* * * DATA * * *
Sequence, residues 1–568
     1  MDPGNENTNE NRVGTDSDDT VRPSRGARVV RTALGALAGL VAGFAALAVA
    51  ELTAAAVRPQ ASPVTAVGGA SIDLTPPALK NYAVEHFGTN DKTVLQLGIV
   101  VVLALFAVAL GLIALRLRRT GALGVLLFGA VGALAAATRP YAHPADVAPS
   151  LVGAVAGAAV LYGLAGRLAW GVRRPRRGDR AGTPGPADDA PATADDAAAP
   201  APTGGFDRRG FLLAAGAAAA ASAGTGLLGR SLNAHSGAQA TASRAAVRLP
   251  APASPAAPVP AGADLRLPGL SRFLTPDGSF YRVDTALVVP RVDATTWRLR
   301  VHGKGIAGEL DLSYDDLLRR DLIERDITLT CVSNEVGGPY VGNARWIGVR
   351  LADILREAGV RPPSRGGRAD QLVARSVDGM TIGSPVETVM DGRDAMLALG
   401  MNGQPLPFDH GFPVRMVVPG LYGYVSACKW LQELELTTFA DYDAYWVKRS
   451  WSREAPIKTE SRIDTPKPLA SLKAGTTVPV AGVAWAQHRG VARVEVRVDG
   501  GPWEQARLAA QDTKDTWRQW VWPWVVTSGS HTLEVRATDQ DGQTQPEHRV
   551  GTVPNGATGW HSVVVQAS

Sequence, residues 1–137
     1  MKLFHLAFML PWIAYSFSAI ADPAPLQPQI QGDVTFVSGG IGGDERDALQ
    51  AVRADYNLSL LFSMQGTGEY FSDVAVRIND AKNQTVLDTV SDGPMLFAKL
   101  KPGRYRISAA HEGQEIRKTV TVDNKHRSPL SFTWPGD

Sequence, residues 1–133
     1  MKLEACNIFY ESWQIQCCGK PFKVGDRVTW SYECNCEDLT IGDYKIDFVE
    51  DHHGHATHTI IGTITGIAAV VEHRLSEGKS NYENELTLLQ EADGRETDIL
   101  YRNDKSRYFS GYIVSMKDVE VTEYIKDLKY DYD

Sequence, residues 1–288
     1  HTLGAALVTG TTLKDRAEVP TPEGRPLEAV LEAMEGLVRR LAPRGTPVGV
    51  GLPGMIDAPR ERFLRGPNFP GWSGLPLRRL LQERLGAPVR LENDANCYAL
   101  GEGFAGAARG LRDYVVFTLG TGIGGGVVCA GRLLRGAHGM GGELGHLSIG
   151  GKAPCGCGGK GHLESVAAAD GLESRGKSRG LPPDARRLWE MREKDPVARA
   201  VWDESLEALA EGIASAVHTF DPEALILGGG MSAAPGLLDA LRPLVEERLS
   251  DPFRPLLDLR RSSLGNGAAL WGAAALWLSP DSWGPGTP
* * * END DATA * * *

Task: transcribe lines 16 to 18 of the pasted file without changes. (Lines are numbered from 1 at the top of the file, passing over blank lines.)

    51  AVRADYNLSL LFSMQGTGEY FSDVAVRIND AKNQTVLDTV SDGPMLFAKL
   101  KPGRYRISAA HEGQEIRKTV TVDNKHRSPL SFTWPGD

Sequence, residues 1–133